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DEC Announces 2008 Bear Harvest Results

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Bear harvest numbers in all three of New York State’s bear hunting ranges increased in 2008 – with new records set in the Allegany and Catskill ranges — Department of Environmental Conservation (DEC) Commissioner Pete Grannis announced today.
“Bear populations in the state’s two southern ranges have been increasing in number and expanding in distribution over the past decade, and that is reflected in the record setting totals for 2008,” Commissioner Grannis said.
Statewide, hunters took 1,295 black bears, a 16 percent increase from the 1,117 bears taken in 2007. In the Allegany bear hunting region of central and western New York, hunters took a record 193 bears, far surpassing the previous regional record, 120, set in 2007. Similarly, hunters took 520 bears in the Catskill bear hunting range in 2008, topping the 2005 regional record harvest of 494 bears.
Harvest increased in the Adirondacks as well, with a total of 582 bears taken in 2008 compared to 544 taken in 2007 and 318 taken in 2006. Hunters reported taking 18 bears in the 13 Wildlife Management Units that were opened for bear hunting this year in central and western New York.
About 20 percent of New York’s 570,000 big-game hunters consider themselves bear hunters, but most successful bear hunters indicate that they incidentally took a bear while deer hunting. While overall population size plays the largest role in annual harvest, totals are also strongly influenced by environmental factors such as food availability and snow fall that influence bear movements and the timing of bear denning.
In 2008, hunters in the southern bear ranges benefited by good tracking snow on the hilltops and were able to target bears that continued to feed on standing corn throughout most of the regular season. In the Adirondacks, warm weather and widespread food supply made for difficult hunting conditions during the early bear season. But conditions improved and take increased during the regular bear season.
Hunters play a pivotal role in bear management through reporting their bear harvests. Hunters also are asked to submit a tooth sample from their bear for DEC to determine the age of all harvested bears. To encourage participation, DEC issues a NYS Black Bear Cooperator Patch to all hunters who reported their harvest and submitted a tooth. More than 680 patches will be distributed for the 2008 hunting season. Eligible hunters will receive their patch in late summer 2009 when all the age data has been processed.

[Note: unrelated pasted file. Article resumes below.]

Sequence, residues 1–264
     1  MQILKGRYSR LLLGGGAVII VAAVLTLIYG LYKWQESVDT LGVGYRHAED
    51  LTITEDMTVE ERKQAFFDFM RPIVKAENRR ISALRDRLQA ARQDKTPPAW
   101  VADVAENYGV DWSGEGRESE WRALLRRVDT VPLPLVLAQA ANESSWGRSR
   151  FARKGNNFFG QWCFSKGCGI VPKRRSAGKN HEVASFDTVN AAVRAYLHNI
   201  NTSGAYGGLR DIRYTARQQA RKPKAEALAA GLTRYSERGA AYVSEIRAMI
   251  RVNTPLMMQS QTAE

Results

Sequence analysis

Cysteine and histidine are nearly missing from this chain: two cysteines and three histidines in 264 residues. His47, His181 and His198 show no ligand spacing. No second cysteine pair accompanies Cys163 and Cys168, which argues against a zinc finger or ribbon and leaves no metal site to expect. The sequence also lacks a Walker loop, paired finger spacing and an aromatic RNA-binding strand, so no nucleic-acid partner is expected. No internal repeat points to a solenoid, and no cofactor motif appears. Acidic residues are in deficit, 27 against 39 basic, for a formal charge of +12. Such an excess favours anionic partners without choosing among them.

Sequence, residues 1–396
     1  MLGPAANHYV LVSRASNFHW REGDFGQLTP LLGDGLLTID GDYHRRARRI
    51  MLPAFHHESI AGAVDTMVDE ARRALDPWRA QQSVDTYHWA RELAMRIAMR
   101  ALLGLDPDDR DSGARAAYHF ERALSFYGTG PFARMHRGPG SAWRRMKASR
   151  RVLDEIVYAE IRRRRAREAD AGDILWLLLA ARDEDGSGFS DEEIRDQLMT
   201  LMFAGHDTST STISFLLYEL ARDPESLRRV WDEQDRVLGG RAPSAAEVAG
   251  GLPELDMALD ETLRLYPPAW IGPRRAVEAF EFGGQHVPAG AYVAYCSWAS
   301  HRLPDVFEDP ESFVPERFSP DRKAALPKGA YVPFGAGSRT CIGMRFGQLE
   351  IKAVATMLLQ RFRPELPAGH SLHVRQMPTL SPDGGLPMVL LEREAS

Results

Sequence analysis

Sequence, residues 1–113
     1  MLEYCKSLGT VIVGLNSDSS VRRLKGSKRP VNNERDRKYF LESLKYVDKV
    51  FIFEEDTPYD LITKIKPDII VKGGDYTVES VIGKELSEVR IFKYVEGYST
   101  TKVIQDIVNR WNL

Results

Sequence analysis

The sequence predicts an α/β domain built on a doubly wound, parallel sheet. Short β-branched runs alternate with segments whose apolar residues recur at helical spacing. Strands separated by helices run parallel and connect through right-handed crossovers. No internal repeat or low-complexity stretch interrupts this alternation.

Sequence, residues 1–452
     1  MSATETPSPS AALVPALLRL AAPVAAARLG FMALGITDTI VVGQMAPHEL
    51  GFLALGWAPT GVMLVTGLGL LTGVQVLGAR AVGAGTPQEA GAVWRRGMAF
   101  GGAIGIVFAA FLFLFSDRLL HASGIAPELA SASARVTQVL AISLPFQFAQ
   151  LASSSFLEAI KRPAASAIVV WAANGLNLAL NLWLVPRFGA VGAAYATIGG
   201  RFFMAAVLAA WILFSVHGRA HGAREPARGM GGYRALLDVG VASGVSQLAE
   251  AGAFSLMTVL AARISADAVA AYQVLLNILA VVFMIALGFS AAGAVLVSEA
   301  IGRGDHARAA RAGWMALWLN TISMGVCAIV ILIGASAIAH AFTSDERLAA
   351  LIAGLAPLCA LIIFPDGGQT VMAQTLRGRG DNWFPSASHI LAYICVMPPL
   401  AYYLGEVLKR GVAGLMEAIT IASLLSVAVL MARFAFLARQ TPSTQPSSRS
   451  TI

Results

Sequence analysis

In addition to harvest totals, DEC uses a variety of indices to measure bear populations. Taxidermists and DEC wildlife personnel collect age and sex information from harvested bears, as well as movement data from tagged bears. This information, along with data from bear-human conflicts, is used to help determine whether bear populations are increasing or decreasing, and if bears are expanding their range. The information helps DEC biologists manage bear populations and establish future hunting regulations to assure the management of black bears in New York State is at a level that is compatible with human interests.
The 2008 bear harvest by county and town with comparisons to previous years’ bear harvests are available on the DEC website: http://www.dec.ny.gov/outdoor/42232.html.
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Bear Hunting

New York’s First Early Black Bear Season a Success

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A flourishing black bear population and a newly established early-season give hunters additional opportunities to hunt black bears in New York.

The NYS DEC took a proactive approach to manage the State’s black bear population with the addition of an early black bear season in select WMUs for 2014. The early bear hunting season started on September 6th in portions of Southeastern New York and September 13th in Northern New York

Some of the highlights of the new plan include: